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Nelly wants to kick somebody's ass at Spelman

 
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kfoxx1998 View Drop Down
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Post Options Post Options   Thanks (2) Thanks(2)   Quote kfoxx1998 Quote  Post ReplyReply Direct Link To This Post Posted: Nov 13 2013 at 9:18am
Originally posted by rickysrose rickysrose wrote:


since Nelly had the immediate need and was doing the asking, he could have compromised ... was listening/acknowledging/corrective action that difficult?   guess so, since he says he should've kicked someone's ass

the whole situation could've, should've been handled differently


All of this.   They should have asked for a meeting as well.   Everybody's ego got in the way here but I think Nelly may have been overwhelmed with what he was trying to do (emotionally) and remained completely dismissive of the issue the ladies had.  His comments didn't help, just expressed his anger and pain. 

Either way I do support shaking your ass in a video if thats what you want to do.  Video girls be looking super sexy but lets not pretend negative images of black women at this level aren't damaging.   How much ass and titties do you need in one music video?  At some point its simply exploitative and women look like nothing but flesh.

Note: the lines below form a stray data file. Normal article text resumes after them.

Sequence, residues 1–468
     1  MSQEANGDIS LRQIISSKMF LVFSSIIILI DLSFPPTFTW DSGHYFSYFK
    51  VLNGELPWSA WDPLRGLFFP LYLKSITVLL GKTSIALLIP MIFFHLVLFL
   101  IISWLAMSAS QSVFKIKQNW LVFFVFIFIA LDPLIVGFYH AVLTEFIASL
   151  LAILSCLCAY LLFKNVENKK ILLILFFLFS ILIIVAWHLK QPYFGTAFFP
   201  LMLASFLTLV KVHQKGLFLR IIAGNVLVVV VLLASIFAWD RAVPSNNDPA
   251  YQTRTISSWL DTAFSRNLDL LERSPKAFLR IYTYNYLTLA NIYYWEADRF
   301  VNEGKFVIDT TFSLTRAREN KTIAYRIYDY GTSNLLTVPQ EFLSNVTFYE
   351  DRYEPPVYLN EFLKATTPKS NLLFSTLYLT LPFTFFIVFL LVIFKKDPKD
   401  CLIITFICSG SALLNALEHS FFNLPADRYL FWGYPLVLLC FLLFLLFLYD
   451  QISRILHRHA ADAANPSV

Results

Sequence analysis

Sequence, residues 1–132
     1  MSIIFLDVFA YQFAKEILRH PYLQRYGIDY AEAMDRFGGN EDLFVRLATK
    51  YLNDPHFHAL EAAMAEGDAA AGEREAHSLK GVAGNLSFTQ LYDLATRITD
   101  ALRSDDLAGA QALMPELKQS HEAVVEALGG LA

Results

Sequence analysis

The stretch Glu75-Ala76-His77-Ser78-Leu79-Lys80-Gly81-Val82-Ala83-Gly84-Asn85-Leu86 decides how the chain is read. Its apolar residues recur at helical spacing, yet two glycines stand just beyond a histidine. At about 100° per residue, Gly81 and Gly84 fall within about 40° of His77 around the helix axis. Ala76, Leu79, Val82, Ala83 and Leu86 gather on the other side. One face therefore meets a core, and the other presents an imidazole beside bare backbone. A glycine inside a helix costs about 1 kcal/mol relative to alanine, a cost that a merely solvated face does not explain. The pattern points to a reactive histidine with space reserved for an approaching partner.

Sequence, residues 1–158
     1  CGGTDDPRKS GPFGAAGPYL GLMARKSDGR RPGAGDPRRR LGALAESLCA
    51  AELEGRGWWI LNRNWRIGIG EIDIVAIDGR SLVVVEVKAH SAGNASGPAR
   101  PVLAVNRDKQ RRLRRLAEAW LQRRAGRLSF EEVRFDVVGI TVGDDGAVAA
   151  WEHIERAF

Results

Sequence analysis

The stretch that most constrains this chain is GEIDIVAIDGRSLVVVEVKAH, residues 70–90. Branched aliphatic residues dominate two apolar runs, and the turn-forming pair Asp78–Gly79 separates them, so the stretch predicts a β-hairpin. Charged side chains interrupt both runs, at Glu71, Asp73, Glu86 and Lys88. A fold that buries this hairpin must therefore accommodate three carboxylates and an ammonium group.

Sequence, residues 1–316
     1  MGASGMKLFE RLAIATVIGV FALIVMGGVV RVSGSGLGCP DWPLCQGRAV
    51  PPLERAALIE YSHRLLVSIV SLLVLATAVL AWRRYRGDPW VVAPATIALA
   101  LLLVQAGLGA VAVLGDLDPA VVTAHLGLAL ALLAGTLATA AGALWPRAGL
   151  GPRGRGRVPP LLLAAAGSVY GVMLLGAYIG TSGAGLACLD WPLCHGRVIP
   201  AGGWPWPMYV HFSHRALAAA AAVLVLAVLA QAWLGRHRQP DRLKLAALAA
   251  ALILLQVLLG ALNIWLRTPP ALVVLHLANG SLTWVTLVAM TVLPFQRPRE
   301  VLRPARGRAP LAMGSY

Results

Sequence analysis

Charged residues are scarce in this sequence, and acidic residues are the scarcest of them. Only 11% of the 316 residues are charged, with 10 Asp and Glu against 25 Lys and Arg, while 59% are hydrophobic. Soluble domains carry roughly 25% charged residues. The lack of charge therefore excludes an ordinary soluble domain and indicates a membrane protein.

Ironic that Nelly only saw one opportunity missed.   
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SoutherNtellect View Drop Down
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Post Options Post Options   Thanks (10) Thanks(10)   Quote SoutherNtellect Quote  Post ReplyReply Direct Link To This Post Posted: Nov 13 2013 at 10:45am
i'm sure "kicking someone's ass" is the answer most grown men use to solve their problems. should really help his cause 
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mommykat View Drop Down
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Post Options Post Options   Thanks (1) Thanks(1)   Quote mommykat Quote  Post ReplyReply Direct Link To This Post Posted: Nov 13 2013 at 11:21am
Originally posted by nekamarie83 nekamarie83 wrote:

Originally posted by mizzsandra00 mizzsandra00 wrote:

Protest a video but not a worthy cause.....they hurt those sick people more than help those heauxs
this. that was just ignorant and small of them. they could've been in a position to raise awareness of a more than worthy cause to our race and help people.

they and their institution should be ashamed. smh